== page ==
By Meredith Oyen
The Sydney Morning Herald and Vox.com agree that the recent dispute between Beijing and Taipei over a deportation decision by Kenya is nothing short of “bizarre.” Though the decision to deport Taiwanese nationals to China might seem strange on the surface, it in fact is deeply rooted in history.
A few weeks ago the European Union (EU) signed a controversial agreement with Turkey to staunch the flow of Syrian refugees to Europe. The agreement is a testament to Europe’s failure to cope with the millions of refugees who have reached its shores from Africa, the Balkans, and the Middle East over the past few years. This crisis seems unprecedented, but is it? The German Historical Institute took up this issue the other evening, hosting a fascinating panel discussion titled “Learning from the Past?
By Sarah Fenton
Suggest that the United States is a nation of immigrants and you’ll find wide-ranging agreement. Suggest that the current US immigration system is broken: again, nods all around. Now suggest some ways to fix that system. Try proposing, for instance, a possible route forward for the 11 million people—young, old, and every age in between—living in the United States without authorization. Watch consensus crumble.
The theme of this year’s AHA annual meeting, held in Atlanta, was “Global Migrations: Empires, Nations, and Neighbors.”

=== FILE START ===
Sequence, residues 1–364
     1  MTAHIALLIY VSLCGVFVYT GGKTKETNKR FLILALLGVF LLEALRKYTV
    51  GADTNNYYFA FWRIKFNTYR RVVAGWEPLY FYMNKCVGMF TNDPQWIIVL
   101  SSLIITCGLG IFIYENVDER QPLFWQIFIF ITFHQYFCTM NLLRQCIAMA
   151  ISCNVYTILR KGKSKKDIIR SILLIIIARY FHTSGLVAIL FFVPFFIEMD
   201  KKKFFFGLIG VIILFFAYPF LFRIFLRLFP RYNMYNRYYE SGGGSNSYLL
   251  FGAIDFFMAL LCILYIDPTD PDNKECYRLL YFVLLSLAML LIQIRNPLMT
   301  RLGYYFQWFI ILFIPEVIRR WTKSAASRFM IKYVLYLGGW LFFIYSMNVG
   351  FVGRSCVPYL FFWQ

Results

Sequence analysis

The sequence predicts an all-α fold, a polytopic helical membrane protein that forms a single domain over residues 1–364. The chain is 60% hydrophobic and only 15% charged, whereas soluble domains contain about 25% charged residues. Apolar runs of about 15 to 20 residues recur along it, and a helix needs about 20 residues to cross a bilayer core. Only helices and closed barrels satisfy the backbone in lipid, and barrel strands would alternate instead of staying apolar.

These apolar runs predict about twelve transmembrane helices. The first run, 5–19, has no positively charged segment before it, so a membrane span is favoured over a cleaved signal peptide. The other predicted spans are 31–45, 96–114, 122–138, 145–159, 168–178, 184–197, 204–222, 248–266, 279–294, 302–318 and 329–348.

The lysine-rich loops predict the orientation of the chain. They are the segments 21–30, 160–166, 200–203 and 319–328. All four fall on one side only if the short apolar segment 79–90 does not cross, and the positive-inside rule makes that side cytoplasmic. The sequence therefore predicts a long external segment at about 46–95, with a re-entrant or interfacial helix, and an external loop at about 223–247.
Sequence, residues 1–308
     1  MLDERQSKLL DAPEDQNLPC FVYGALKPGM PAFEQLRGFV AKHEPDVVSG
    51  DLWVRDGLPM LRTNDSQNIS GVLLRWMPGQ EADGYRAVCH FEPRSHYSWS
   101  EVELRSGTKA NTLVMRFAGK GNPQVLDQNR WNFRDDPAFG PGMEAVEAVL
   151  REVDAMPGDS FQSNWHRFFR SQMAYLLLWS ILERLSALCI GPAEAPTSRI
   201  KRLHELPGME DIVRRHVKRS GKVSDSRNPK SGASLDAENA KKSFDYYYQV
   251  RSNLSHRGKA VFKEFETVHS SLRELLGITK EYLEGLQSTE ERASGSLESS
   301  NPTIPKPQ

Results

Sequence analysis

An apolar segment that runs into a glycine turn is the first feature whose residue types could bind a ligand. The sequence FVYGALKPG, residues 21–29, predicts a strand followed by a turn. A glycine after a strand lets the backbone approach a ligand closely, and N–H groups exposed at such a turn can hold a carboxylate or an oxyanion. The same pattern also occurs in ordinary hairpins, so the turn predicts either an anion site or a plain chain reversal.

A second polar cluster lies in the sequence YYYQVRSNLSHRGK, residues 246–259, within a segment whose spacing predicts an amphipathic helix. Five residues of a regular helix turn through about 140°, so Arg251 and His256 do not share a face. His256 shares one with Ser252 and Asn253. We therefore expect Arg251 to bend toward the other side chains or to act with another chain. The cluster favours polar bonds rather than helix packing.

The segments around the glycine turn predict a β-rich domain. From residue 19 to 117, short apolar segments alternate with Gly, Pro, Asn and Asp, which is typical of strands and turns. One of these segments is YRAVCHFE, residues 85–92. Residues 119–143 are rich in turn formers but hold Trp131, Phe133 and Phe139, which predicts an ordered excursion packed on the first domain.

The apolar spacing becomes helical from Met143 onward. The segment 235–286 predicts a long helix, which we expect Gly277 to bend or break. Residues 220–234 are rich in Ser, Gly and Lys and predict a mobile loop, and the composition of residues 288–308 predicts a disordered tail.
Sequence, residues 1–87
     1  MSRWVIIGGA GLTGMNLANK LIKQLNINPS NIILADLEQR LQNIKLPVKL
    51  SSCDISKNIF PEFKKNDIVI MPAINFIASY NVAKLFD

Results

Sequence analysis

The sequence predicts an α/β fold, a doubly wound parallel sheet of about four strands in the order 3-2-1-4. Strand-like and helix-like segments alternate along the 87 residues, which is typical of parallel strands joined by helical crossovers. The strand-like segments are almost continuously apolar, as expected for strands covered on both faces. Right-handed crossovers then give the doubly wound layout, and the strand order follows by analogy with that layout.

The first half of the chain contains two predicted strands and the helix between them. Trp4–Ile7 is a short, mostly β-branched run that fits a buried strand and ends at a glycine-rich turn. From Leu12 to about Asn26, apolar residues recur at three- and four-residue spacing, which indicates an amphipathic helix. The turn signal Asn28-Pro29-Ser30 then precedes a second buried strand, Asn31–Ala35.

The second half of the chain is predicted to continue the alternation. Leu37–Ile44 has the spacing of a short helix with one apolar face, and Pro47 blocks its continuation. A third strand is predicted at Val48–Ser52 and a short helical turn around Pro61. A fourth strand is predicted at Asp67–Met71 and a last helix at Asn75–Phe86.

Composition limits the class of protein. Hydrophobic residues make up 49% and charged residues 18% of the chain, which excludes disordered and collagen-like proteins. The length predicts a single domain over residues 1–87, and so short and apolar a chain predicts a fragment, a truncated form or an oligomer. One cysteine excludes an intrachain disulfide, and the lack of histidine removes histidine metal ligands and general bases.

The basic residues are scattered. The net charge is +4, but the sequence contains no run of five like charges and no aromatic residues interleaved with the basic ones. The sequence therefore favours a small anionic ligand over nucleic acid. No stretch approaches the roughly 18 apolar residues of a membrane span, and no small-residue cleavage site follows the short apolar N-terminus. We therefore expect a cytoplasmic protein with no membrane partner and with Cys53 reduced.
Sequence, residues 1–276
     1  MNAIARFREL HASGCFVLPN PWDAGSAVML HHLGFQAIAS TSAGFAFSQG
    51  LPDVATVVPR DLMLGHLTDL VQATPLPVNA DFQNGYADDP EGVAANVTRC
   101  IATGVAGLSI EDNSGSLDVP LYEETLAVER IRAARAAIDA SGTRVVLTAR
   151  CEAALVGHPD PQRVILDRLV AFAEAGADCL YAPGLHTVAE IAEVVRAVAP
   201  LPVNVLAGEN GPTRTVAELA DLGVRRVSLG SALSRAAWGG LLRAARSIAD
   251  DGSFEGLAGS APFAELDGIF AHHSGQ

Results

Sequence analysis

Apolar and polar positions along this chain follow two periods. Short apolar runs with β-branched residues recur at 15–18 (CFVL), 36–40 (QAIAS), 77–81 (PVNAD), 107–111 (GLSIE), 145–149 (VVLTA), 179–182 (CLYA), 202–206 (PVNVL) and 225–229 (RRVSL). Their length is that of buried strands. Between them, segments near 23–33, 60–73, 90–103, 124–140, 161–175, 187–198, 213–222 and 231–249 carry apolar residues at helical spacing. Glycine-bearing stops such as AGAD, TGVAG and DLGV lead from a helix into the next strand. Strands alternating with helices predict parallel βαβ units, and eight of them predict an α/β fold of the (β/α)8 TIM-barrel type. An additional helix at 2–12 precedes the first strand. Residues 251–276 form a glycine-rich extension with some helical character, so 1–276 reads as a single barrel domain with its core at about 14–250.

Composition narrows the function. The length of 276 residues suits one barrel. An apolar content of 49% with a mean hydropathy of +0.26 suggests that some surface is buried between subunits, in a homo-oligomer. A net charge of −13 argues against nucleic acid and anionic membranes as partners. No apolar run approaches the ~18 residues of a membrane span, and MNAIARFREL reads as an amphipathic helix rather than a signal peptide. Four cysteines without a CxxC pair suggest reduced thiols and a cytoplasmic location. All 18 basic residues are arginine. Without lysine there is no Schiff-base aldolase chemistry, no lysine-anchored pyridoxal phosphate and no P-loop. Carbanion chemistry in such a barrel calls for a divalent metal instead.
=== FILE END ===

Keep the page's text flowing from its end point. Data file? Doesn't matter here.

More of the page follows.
Last spring Nisha Agarwal, the New York City commissioner on immigration, spoke to my students at Columbia University on the recent history of immigrants in New York City.
By Lauren Stokes
I just arrived in Germany for a short research trip about the regulation of family migration in West Germany. While I review West German attempts to curb migration from Turkey in the early 1980s, history gallops on outside of the archives. Angela Merkel visited Turkey this weekend in order to discuss how to tighten border controls; Henriette Reker was elected the first female mayor of Cologne on Sunday after being stabbed because of her pro-refugee stance on Saturday; and on an everyday level, local municipalities are struggling to process the new arrivals, relying on the volunteer labor of both Germans and refugees to create shelter and stability.
By now, two full years into graduate training and with two research summers under my belt, I have conducted a good number of oral histories. All are challenging in their own way, but the most emotionally challenging by far has been the one I conducted with my father this past summer.
Part of what makes doing history so exciting is that the questions and interpretive challenges never really end. In the process of tackling one question, a new one always emerges.